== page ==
Designated alternate providers are a must. A lot of companies have parents find two designated alternate care providers. That eliminates the situation where the parent is in an urgent crisis situation and they don’t know what to do to care for the baby. You don’t want the administrative assistant to get the baby when the boss is busy because then she feels like she must do it because her job is on the line. Most people help on an informal basis, but having a designated person helps.
Some companies have Baby Free Zones for folks who are not comfortable with the extra noise and activity of children. This gives coworkers the knowledge that they’re taken into account if they don’t want to participate.
It’s also important to have places to change diapers, etc., so people aren’t doing it on a conference room table. So that’s a small cost–setting up the table.
Julie: Have you encountered any resistance to breastfeeding in the workplace?
Carla: Some [companies with babies at work programs] do have offices, but many are in cubicles or open plan. The majority of moms who come to work are breastfeeding because it’s so much easier. The overwhelming reason moms stop nursing is because of returning to work. So what we’ve seen is that essentially by having discrete breastfeeding in the workplace, people habituate to it.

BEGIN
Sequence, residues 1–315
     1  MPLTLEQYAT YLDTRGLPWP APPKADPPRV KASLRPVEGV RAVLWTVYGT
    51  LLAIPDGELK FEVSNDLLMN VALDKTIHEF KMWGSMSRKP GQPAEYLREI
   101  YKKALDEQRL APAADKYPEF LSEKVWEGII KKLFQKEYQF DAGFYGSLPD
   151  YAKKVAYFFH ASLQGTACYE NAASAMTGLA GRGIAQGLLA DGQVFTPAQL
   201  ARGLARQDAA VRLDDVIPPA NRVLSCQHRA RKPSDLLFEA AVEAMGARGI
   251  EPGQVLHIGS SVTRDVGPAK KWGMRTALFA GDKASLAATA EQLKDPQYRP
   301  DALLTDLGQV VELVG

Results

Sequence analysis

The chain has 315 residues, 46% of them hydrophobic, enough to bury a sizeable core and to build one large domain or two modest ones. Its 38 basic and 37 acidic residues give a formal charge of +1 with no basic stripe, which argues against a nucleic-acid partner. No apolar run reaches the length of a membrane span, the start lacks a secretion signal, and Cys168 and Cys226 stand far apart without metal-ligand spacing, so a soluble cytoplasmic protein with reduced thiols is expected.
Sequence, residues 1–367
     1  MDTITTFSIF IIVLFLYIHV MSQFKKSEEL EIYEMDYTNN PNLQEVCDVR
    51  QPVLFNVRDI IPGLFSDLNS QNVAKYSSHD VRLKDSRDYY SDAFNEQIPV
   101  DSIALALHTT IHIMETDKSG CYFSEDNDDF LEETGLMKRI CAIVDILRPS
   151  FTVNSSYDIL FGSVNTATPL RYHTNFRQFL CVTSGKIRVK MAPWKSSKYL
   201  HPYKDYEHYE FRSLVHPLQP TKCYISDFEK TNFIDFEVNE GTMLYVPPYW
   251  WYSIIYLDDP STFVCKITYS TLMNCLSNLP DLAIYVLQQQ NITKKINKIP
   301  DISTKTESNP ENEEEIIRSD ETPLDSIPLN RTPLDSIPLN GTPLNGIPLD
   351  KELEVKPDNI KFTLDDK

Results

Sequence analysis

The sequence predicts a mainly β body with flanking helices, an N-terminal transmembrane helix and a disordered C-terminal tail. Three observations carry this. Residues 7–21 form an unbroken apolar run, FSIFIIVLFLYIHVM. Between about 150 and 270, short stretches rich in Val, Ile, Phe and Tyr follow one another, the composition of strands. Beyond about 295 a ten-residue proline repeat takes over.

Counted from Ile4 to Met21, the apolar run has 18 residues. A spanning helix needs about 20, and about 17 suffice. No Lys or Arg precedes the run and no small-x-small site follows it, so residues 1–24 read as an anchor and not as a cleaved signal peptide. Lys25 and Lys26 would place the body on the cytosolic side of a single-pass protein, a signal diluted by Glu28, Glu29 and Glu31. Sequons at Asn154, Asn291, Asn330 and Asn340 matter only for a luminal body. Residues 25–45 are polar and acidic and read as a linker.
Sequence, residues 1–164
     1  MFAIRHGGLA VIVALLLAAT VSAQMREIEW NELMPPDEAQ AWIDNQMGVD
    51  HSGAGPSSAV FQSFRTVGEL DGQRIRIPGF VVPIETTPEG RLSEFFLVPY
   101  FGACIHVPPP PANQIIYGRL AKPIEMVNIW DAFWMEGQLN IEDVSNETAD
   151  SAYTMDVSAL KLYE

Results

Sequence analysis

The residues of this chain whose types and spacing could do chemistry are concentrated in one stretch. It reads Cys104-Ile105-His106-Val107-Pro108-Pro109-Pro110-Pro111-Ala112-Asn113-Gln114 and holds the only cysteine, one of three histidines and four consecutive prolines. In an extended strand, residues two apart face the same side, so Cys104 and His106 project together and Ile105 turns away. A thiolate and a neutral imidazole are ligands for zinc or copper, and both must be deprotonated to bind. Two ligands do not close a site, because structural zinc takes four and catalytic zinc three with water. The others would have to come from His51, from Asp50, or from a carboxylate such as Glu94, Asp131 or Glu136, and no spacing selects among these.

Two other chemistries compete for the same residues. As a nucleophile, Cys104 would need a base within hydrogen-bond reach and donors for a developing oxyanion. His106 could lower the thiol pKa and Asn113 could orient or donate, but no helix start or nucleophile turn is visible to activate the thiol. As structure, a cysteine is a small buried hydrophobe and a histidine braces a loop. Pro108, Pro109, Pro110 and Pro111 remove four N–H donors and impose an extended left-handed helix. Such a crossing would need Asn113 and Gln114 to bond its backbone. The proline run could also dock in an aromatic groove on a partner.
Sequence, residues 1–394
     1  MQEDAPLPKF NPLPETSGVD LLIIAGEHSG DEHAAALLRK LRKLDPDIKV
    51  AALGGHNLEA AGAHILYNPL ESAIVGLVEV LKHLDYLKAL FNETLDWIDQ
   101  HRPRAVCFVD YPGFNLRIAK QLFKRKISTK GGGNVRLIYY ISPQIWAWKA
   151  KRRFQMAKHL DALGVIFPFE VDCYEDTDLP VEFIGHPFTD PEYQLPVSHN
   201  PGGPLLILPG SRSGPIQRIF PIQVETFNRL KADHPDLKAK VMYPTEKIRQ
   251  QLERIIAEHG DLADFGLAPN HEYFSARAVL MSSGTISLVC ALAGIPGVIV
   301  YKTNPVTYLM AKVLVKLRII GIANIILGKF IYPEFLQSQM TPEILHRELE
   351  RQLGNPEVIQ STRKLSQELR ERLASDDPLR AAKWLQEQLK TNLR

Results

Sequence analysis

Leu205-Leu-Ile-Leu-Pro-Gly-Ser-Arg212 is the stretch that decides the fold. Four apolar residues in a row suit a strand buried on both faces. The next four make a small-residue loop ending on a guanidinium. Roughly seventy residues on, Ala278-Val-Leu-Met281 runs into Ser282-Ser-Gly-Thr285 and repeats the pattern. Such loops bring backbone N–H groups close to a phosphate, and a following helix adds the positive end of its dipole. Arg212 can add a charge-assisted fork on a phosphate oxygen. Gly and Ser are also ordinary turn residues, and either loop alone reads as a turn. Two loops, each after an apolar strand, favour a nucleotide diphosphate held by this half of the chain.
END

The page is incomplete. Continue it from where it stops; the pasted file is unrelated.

One bookstore that I interviewed allowed moms to nurse in the break room. The manager noticed at first that the young male employees would walk into the break room and wouldn’t know where to look, or whether to leave. They were uncomfortable. He realized over time, though, that it was no longer an issue. A lot of the discomfort now with breastfeeding in public is that public breastfeeding was not the norm for a long time, so people don’t know whether to look or not look because it’s not something they’re used to seeing.